Comparison of traditional otoscope to iPhone otoscope in the pediatric ED

John R Richards, Kelsey A. Gaylor, Ashley J. Pilgrim

Research output: Contribution to journalArticle

16 Citations (Scopus)

Abstract

Objective Acute otitis media (AOM) is a common diagnosis under age 5 years. The primary objective was to determine if the CellScope Oto (CSO) improves tympanic membrane (TM) visualization and diagnostic precision compared to traditional otoscope. The secondary objective was to determine physician, patient, and parent device preference. Methods This is a prospective cross-sectional study of patients younger than 18 years presenting with ear pain, fever, or upper respiratory infection symptoms. Patients were examined by a resident then attending physician with a traditional wall-mounted otoscope followed by CSO. Each was blinded to the other's findings. Intrarater and interrater diagnostic agreement was compared. Physicians, parents, and patients were surveyed regarding their experience. Results A total of 51 patients completed the study. There was substantial intrarater agreement between traditional otoscope and CSO for residents: right ear (κ = 0.74) and left ear (κ = 0.74); CSO use changed reported view for 16 of 102 TM examinations (16%), of which 7 (7%) had clinically relevant change in diagnosis to/from AOM. There was substantial to almost-perfect agreement for attending physicians: right: (κ = 0.86) and left (κ = 0.79); CSO use changed reported view for 12 (12%), with 6 (6%) clinically relevant. Resident/attending physician interrater agreement was moderate for both traditional otoscope (κ = 0.40) and CSO (κ = 0.47). Physicians agreed CSO was easy to use, enhanced TM visualization and diagnostic precision, and was a good teaching tool. Patients and parents also found the CSO images very helpful. Conclusion CellScope Oto was preferred by physicians, patients, and parents. Use of the CSO changed final diagnosis a significant number of times, including clinically relevant changes to/from AOM.

Original languageEnglish (US)
Pages (from-to)1089-1092
Number of pages4
JournalAmerican Journal of Emergency Medicine
Volume33
Issue number8
DOIs
StatePublished - Aug 1 2015

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Otoscopes
Pediatrics
Physicians
Tympanic Membrane
Otitis Media
Ear
Parents
Respiratory Tract Infections
Teaching
Fever
Cross-Sectional Studies
Pain
Equipment and Supplies

ASJC Scopus subject areas

  • Emergency Medicine

Cite this

Comparison of traditional otoscope to iPhone otoscope in the pediatric ED. / Richards, John R; Gaylor, Kelsey A.; Pilgrim, Ashley J.

In: American Journal of Emergency Medicine, Vol. 33, No. 8, 01.08.2015, p. 1089-1092.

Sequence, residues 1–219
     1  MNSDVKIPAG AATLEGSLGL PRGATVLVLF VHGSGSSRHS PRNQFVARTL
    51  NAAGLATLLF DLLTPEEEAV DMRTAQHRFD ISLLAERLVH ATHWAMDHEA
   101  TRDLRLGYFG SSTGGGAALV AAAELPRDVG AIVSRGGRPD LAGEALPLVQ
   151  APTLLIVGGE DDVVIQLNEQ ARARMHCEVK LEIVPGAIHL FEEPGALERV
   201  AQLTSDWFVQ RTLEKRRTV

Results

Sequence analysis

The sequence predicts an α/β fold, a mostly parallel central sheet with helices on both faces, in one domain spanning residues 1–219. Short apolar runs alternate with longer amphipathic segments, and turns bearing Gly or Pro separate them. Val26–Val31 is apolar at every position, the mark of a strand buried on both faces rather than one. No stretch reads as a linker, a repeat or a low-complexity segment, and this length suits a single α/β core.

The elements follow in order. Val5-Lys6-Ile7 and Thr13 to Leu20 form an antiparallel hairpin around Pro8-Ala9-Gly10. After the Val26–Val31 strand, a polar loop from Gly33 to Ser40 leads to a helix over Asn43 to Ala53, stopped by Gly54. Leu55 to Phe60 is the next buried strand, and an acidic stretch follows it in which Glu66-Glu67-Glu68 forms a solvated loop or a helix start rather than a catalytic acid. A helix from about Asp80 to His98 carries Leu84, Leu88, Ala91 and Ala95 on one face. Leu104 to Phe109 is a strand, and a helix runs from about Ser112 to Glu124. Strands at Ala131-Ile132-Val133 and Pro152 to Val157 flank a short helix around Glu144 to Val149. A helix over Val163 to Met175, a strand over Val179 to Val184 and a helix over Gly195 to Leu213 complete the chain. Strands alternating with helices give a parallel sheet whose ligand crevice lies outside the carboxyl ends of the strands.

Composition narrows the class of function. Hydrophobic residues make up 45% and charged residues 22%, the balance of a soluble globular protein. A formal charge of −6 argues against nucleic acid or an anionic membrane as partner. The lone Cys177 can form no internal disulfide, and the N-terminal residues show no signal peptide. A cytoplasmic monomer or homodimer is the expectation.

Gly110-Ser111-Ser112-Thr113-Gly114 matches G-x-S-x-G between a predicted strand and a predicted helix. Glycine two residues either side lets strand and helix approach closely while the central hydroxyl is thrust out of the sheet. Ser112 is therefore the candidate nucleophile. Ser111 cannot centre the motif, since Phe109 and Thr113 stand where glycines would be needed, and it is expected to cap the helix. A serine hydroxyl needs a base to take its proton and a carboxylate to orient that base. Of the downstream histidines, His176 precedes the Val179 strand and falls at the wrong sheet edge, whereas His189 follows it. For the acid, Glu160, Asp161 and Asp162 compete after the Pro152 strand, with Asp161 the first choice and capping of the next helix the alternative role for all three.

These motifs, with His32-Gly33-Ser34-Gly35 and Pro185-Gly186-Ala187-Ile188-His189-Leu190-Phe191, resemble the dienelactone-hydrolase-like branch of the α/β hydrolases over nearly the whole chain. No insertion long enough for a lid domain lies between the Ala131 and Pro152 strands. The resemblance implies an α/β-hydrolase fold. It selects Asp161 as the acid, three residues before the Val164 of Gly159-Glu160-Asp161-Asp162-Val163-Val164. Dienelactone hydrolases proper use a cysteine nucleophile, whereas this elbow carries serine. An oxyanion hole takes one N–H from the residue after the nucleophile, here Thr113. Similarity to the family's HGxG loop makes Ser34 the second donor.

Research output: Contribution to journalArticle

Richards, John R ; Gaylor, Kelsey A. ; Pilgrim, Ashley J. / Comparison of traditional otoscope to iPhone otoscope in the pediatric ED. In: American Journal of Emergency Medicine. 2015 ; Vol. 33, No. 8. pp. 1089-1092.
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abstract = "Objective Acute otitis media (AOM) is a common diagnosis under age 5 years. The primary objective was to determine if the CellScope Oto (CSO) improves tympanic membrane (TM) visualization and diagnostic precision compared to traditional otoscope. The secondary objective was to determine physician, patient, and parent device preference. Methods This is a prospective cross-sectional study of patients younger than 18 years presenting with ear pain, fever, or upper respiratory infection symptoms. Patients were examined by a resident then attending physician with a traditional wall-mounted otoscope followed by CSO. Each was blinded to the other's findings. Intrarater and interrater diagnostic agreement was compared. Physicians, parents, and patients were surveyed regarding their experience. Results A total of 51 patients completed the study. There was substantial intrarater agreement between traditional otoscope and CSO for residents: right ear (κ = 0.74) and left ear (κ = 0.74); CSO use changed reported view for 16 of 102 TM examinations (16{\%}), of which 7 (7{\%}) had clinically relevant change in diagnosis to/from AOM. There was substantial to almost-perfect agreement for attending physicians: right: (κ = 0.86) and left (κ = 0.79); CSO use changed reported view for 12 (12{\%}), with 6 (6{\%}) clinically relevant. Resident/attending physician interrater agreement was moderate for both traditional otoscope (κ = 0.40) and CSO (κ = 0.47). Physicians agreed CSO was easy to use, enhanced TM visualization and diagnostic precision, and was a good teaching tool. Patients and parents also found the CSO images very helpful. Conclusion CellScope Oto was preferred by physicians, patients, and parents. Use of the CSO changed final diagnosis a significant number of times, including clinically relevant changes to/from AOM.",
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